Thursday, May 20, 2004

Race Preferences in Education

Edward Blum and Roger Clegg discuss the huge gaps between average SAT scores among white, black, Hispanic and Asian students:

Politicians are less likely to address failures in public education for so long as racial preferences allow them to sweep the problem under the rug. That was the lesson of California's Proposition 209 initiative: K-12 educational reform was much easier after preferences were banned.

These academic and proficiency test gaps are also likely to continue to remain stubbornly wide simply because affirmative action preferences remove much of an individual's incentive for high achievement. After all, as Professor John McWhorter points out, why should an African-American high school student bust a gut studying three extra hours every night to get an A in a difficult course, when he knows a C+ will get him the same offer from a competitive college?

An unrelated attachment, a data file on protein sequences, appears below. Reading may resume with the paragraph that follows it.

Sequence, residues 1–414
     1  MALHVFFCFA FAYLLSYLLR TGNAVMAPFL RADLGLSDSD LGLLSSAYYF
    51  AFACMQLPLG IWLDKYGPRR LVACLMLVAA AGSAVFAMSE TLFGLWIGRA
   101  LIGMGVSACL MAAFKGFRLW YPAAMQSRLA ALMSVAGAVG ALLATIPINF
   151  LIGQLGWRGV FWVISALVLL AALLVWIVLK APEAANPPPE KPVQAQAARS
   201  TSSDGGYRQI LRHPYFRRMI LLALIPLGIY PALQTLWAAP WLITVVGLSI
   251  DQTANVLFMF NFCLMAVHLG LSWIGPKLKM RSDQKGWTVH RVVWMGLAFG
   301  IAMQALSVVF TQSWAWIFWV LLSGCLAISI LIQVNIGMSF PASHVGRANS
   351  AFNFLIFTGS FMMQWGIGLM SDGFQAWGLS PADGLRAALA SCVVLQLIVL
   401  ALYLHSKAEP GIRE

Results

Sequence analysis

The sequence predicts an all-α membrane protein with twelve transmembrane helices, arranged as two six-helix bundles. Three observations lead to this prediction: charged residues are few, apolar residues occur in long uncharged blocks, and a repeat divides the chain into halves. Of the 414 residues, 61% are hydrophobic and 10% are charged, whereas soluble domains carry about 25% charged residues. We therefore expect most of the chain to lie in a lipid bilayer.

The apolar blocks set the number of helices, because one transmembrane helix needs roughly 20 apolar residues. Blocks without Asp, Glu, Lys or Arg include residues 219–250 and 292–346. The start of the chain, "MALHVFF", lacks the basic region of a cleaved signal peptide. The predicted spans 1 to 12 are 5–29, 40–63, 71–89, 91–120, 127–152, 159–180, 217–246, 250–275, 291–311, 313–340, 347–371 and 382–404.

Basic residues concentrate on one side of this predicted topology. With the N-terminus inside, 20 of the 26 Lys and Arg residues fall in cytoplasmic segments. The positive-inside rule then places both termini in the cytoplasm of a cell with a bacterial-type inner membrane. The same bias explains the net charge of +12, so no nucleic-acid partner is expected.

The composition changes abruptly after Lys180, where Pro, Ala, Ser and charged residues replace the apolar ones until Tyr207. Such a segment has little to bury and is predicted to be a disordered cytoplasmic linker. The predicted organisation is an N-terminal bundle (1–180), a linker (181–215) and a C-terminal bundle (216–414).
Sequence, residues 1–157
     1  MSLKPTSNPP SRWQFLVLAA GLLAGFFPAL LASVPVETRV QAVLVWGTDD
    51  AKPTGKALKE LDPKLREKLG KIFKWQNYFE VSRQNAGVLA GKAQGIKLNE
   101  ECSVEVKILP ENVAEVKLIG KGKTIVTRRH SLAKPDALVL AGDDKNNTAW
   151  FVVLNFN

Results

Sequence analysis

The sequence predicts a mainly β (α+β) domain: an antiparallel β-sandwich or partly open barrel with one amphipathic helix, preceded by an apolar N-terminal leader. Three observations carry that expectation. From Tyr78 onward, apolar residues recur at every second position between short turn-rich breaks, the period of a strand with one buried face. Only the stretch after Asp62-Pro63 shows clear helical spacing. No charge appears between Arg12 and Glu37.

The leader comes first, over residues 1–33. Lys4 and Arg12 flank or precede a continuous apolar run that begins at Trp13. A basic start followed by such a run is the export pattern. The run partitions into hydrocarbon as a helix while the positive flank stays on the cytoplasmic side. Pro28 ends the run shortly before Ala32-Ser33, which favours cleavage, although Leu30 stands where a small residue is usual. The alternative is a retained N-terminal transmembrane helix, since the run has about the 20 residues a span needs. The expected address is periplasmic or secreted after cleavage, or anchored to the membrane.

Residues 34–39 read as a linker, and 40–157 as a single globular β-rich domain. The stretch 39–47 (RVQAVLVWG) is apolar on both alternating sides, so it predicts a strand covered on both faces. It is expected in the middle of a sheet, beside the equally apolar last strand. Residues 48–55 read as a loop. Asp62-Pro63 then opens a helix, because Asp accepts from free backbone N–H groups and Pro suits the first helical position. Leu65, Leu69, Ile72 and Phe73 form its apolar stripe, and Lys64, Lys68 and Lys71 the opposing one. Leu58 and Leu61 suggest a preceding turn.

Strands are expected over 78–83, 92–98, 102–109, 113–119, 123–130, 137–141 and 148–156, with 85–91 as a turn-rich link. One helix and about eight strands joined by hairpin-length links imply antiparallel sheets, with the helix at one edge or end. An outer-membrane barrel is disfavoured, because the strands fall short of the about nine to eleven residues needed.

Justice O'Connor thought she was helping academically underachieving blacks and Hispanics gain a rightful place in the leadership of our nation by allowing an applicant's race to be used in university admission, but in fact she may have helped guarantee just the opposite.

As long as African-Americans know they can rely on preferences to help them into school, they won't commit the sweat-equity needed to make them truly excel on their own; as long as politicians can use preferences to paper over the real problems in K-12 education, they won't act.


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